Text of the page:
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RE: Intermediaries

From: Cutler, Roger (RogerCutler) <RogerCutler@chevrontexaco.com>
Date: Fri, 5 Dec 2003 15:52:05 -0600
Message-ID: <7FCB5A9F010AAE419A79A54B44F3718E026F001C@bocnte2k3.boc.chevrontexaco.net>
To: "Champion, Mike" <Mike.Champion@SoftwareAG-USA.com>, www-ws-arch@w3.org

Where do gateways fit into this?  Beyond the scope of intermediaries?
If so, what is the distinction that puts them outside the scope.

By "gateway" I have in mind, for example, a company that provides, as a
service, the collecting of purchase requests from client companies and
the sending of the required purchase request to vendors, handling  along
the way security, tracking, and so on.

-----Original Message-----
From: www-ws-arch-request@w3.org [mailto:www-ws-arch-request@w3.org] On
Behalf Of Champion, Mike
Sent: Friday, December 05, 2003 3:10 PM
To: www-ws-arch@w3.org
Subject: RE: Intermediaries


> -----Original Message-----
> From: Cutler, Roger (RogerCutler)
> [mailto:RogerCutler@chevrontexaco.com] 
> Sent: Friday, December 05, 2003 3:37 PM
> To: Ugo Corda; Francis McCabe
> Cc: www-ws-arch@w3.org
> Subject: RE: Intermediaries
> Yes -- is it possible that the issues that you are trying to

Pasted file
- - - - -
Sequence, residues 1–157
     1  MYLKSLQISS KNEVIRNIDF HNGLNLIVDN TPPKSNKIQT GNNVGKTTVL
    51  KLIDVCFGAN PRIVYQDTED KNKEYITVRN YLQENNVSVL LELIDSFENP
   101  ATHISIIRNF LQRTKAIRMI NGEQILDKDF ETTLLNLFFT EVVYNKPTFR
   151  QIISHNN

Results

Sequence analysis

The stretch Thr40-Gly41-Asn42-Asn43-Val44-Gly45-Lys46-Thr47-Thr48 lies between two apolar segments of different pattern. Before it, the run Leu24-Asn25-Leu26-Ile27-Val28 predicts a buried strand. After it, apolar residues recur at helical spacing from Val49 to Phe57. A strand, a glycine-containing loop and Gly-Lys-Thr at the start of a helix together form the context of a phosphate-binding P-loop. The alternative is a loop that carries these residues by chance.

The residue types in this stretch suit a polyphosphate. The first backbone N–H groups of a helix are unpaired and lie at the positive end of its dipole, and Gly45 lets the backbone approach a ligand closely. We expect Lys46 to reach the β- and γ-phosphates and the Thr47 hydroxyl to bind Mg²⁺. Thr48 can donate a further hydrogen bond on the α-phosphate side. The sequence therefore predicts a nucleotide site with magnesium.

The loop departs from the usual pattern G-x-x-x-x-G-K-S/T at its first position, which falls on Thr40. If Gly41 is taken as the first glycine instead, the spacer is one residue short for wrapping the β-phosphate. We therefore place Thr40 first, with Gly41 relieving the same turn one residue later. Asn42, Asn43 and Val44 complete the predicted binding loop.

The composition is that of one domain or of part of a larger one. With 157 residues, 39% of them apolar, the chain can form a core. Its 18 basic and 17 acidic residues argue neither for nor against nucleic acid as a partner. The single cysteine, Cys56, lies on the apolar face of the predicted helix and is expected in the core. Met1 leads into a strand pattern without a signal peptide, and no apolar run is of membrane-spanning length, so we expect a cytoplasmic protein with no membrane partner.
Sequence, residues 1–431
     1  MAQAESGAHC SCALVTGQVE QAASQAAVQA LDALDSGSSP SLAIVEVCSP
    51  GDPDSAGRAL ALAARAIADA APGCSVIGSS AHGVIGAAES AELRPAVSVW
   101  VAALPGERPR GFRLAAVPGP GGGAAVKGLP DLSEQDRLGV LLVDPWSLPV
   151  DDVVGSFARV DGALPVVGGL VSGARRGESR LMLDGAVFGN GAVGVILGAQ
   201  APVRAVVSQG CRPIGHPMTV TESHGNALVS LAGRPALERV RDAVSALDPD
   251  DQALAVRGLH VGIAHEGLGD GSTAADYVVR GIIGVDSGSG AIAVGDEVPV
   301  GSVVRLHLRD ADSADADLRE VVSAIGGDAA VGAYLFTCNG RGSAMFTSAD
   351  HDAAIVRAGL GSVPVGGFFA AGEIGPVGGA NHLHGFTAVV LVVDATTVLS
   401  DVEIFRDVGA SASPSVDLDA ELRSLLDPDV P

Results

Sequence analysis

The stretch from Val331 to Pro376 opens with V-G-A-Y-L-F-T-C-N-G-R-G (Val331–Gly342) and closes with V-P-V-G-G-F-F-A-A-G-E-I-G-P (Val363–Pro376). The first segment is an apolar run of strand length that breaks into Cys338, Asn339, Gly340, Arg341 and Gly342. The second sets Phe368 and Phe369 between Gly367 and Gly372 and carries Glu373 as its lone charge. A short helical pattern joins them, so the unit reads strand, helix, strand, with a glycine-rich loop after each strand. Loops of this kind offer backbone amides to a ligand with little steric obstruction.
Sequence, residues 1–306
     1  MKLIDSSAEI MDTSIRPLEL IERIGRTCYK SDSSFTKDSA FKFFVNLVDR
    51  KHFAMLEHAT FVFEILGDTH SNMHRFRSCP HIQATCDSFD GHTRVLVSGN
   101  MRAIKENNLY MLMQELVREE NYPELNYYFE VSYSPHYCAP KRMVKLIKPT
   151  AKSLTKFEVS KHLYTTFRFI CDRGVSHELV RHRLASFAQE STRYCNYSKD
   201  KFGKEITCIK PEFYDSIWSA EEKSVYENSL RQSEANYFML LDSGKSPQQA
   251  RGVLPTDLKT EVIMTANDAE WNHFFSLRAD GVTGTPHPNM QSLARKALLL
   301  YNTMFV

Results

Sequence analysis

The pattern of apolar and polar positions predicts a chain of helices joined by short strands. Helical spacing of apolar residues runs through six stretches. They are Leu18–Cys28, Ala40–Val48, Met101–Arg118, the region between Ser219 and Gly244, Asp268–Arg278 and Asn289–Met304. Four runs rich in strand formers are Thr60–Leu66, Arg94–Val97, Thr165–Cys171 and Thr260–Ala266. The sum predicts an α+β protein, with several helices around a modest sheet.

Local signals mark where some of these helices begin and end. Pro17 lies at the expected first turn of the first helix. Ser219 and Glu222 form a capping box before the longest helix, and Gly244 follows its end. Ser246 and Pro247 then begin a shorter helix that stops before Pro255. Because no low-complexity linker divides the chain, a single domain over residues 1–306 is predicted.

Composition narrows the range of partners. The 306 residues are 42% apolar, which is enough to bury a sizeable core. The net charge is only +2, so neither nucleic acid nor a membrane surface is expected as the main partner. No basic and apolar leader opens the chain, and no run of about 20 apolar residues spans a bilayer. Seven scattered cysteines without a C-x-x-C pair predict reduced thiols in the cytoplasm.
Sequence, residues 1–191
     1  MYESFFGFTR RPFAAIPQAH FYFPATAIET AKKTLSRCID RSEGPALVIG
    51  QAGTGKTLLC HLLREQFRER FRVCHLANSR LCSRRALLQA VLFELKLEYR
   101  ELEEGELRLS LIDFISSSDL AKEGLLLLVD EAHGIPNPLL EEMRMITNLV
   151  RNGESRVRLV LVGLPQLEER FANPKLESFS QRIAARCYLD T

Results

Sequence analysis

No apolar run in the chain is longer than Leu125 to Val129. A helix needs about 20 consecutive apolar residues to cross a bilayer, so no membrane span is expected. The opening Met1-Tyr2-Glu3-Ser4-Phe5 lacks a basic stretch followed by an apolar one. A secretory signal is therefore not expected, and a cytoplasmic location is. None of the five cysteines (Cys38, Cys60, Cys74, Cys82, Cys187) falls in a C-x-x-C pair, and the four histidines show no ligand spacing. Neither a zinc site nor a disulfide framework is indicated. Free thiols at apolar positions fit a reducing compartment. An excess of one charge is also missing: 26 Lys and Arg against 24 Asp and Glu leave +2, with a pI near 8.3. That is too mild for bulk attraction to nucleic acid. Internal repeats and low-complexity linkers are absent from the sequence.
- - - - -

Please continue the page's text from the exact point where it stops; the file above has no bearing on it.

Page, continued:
> raise with respect to intermediaries are beyond a reasonable 
> scope for the present effort, given the practical limitations 
> of time and personnel?

I for one am becoming less and less convinced that the idea of
"application defined equivalence" to distinguish intermediaries from
"regular" web services is productive.  

I think it would be desireable to identify the various senses in which
"intermediaries" is used in the web services context. As far as I can
tell, the only thing that distinguishes any kind of intermediary is that
it is both a message receiver and a message sender.  We have at least

"Underlying protocol" [I fear to say "transport"] intermediaries that
help move bits around efficiently, e.g. TCP/IP routers, HTTP proxies and

"message intermediaries" that perform some MOM-level service such as
gateways between HTTP and MQ, routers that send a message to the
geographically appropriate destination,  or perhaps those that handle a
protocol such as WS-ReliableMessaging.  These make sure that SOAP
messages (as opposed to bits) are delivered to the correct ultimate
receiver node.

"service intermediaries" provide higher-level services such as policy
enforcement.  WS-Security aware Firewalls are an obvious example, as
would be the SOAP Primer example of an intermediary that quietly changes
business class reservation requests to coach class if an
application-level policy requires it.  
Received on Friday, 5 December 2003 16:52:21 UTC

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